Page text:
Brian Setzer might be said to have taken up the torch from the Beatles. True, his mother and father, now in their forties, had known the Fifties firsthand. “They were rockers,” Brian says proudly. “I got pictures of my dad with the big, baggy suit and the James Dean, and my mom with the big hoop skirt. They were around for the first time.” His father, a construction worker, wasn’t musical; but he did like Hank Williams; his mother was an Elvis fan. But it was the Beatles who hooked Brian with their jangling guitars, and at the age of eight, he began studying the instrument with a teacher, picking up, in the process, the rather unrockabilly skills of reading and writing music.

By the time he turned thirteen, he was putting together little bands in the time-honored garage tradition, working out on Chuck Berry standards and essaying “the Allman Brothers’ cover versions of Willie Dixon songs and the Stones’ and Beatles’ cover versions of rockabilly songs. It was the kind of stuff I’m doin’ now, but twice removed. I thought the Beatles wrote ‘Honey, Don’t.’ Then my father wondered in one day and said, ‘Those four guys with the long hair didn’t do that song. That’s by Carl Perkins. You don’t know “Blue Suede Shoes”?’ “

Setzer was intrigued. He scoured specialty record stores and learned the entire rockabilly canon. By the time he reached high school, he was playing nights as a solo at little neighborhood bars: “Brian Setzer, the Rockabilly Rebel.” This was back in the disco days, so it was pretty strange.

“I was really kind of the only one who knew what rockabilly was,” he says. “I wore my hair in a pompadour, and black leather pants. I hate to admit it, but I used, like, a rhythm box, and I played a folk guitar, you know? I did everything from Elvis to Buddy Holly. My fondest memory is of having people walk by me to get to the bathroom and knocking the microphone stand — every night I’d have a bloody lip. These were, like, old-man corner bars, not rock & roll places, so it was really funny: all the kids would come in, and most of the old men would get mad and leave. But some would stay. They’d like it, you know: ‘I’m not goin’ home! Hell with the wife! I like this!’ “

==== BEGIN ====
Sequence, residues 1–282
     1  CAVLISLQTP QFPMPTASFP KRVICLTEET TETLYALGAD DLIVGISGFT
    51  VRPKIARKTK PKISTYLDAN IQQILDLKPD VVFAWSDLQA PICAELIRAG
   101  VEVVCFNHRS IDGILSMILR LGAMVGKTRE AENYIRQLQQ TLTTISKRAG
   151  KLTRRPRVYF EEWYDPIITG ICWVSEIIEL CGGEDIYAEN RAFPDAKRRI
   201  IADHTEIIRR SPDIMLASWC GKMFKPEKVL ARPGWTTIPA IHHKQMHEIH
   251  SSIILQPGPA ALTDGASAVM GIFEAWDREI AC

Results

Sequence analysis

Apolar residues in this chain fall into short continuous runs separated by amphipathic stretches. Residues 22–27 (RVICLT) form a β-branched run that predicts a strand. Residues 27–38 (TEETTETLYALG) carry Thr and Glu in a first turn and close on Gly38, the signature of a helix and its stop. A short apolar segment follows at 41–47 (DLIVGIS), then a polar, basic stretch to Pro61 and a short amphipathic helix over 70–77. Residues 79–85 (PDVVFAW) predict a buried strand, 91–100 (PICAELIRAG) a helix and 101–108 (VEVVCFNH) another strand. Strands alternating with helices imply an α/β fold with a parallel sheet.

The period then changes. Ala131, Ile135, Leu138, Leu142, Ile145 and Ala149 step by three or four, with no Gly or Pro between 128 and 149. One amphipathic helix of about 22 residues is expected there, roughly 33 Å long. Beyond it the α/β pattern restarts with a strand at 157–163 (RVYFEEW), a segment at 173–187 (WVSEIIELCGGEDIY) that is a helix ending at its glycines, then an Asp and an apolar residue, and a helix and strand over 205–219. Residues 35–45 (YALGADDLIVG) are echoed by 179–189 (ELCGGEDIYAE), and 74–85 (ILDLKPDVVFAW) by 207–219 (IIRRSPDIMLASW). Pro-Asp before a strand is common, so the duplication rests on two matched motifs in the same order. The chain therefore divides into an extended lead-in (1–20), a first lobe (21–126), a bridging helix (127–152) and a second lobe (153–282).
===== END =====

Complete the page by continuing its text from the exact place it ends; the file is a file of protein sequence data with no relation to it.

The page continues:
Meanwhile, two other south shore kids had also felt the tug of rock’s roots. Jim McDonnel was a tall, transplanted Brooklynite, the son of a New York City fireman; he, like Setzer, had been turned, on to the original big beat by way of Liverpool. “My mother had the first Beatles album — I think my father bought it for her as a joke when they first got married. I heard ‘I Want to Hold Your Hand, ‘and that was it. Ever since I was yea big, music is all I wanted to do.”